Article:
Right here, you are refuting Lenin through your actions. If Lenin’s argument is right, this Political School could not be happening. This could not be happening! This event is all an illusion. If unions are always reformist and economistic, and Lenin is right, well then maybe you are not even in this room. And if you are, you are wasting your time here. You get me?
But I don’t think it is an illusion… I think Lenin is simply wrong.
The refutation provided by the anarcho-syndicalist Spanish Revolution
Now let’s take this argument another way, which is to look at an example from history.
Where a trade union that did something that sets the bar on what unions can do. Seeing as we have spoken a bit about historical circumstances, I am going to mention a trade union federation that existed in Spain, one that was founded in 1910. This trade union in Spain, we will call it by its initials, the CNT.
The CNT means the “National Confederation of Labor,” and it was set up in Spain in 1910. It was by the mid-1930s, in Spain, the leading force in the working class. By that stage the CNT had organized nearly 2 million workers. Spain’s population at the time was round about 24 million. So if we want to put it into South African terms of today, in our own proportions, the CNT would be around 4 million strong.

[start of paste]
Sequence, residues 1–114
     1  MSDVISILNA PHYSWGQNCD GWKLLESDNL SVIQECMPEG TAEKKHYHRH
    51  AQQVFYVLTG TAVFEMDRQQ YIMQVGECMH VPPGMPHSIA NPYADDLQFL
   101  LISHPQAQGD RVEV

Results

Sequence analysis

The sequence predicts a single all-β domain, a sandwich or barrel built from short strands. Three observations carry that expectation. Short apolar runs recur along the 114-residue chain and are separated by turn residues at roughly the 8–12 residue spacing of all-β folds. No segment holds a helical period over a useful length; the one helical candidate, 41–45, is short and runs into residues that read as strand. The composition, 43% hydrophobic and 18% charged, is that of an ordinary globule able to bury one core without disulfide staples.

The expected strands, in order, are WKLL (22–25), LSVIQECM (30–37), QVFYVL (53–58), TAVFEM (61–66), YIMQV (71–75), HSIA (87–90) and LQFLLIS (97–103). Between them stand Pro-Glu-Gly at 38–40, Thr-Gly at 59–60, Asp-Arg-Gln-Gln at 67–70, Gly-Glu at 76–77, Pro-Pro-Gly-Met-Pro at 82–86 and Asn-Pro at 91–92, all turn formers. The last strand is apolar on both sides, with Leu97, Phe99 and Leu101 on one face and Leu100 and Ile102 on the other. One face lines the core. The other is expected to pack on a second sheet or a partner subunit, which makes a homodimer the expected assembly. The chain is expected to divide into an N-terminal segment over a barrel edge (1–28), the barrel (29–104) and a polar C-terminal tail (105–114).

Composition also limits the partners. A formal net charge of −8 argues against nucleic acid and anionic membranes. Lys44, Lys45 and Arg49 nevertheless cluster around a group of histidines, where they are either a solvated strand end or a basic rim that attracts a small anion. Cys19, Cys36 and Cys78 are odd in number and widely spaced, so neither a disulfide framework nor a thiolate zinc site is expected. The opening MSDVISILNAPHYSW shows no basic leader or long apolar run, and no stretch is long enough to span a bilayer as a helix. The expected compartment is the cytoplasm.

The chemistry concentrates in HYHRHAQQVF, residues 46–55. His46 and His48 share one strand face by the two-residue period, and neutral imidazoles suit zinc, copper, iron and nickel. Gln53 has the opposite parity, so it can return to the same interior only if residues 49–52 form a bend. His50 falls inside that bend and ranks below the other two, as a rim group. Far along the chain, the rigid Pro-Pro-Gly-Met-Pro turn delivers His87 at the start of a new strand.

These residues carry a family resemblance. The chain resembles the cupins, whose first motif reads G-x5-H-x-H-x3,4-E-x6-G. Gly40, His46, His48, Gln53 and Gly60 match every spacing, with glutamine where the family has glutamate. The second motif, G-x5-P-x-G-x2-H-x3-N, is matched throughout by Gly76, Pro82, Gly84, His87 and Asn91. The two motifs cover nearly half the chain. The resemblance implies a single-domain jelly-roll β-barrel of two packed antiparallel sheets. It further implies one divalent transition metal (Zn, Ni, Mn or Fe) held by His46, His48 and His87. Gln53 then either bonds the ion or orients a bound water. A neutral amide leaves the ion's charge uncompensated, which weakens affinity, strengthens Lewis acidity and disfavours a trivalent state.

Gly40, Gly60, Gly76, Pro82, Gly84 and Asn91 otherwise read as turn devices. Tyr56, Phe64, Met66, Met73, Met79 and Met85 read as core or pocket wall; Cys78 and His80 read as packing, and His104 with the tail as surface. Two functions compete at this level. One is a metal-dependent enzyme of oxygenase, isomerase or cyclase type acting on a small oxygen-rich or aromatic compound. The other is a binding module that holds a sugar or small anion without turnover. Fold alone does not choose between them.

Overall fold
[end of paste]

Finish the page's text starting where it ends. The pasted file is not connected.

It was a union in the Bakuninist tradition – that’s to say, in the anarchist or anarcho-syndicalist tradition. And the CNT did not confine itself to wages or to working conditions. Yes, it fought those fights. Fiercely. But it never stopped at dealing with those fights. It ran 36 newspapers and periodicals, 36 publications, including the biggest daily newspaper in much of Spain.
Comrade Solly is quite right, a large amount of the press is controlled by private capital in our country. You can go to a shop here, and what do you get? Capitalist media.
But what do our unions have in the way of mass media in South Africa? We have our internal union newspapers. But basically we wait for the capitalist press to print our press statements, and do what they like with them. Publicly we have nothing.
Well, the CNT produced its own newspapers. And these newspapers outsold and out-competed the capitalist and government newspapers. It had its own radio station and its own movies. In every single working class neighborhood where the CNT was strong, the CNT set up workers’ centers. These workers’ centers organized people, it gave a space where people could organize. These provided a space where the working class outside of the union was educated, including kids. Millions of people went through these centers. The CNT printed millions and millions of books and pamphlets.
And the CNT was a union which stressed direct action. It did not vote in elections. It refused to vote in elections. It did not ally to any political party. It said: “What do we need a political party for?” It out-competed, in the Spanish case, the Spanish Communist Party (PCE).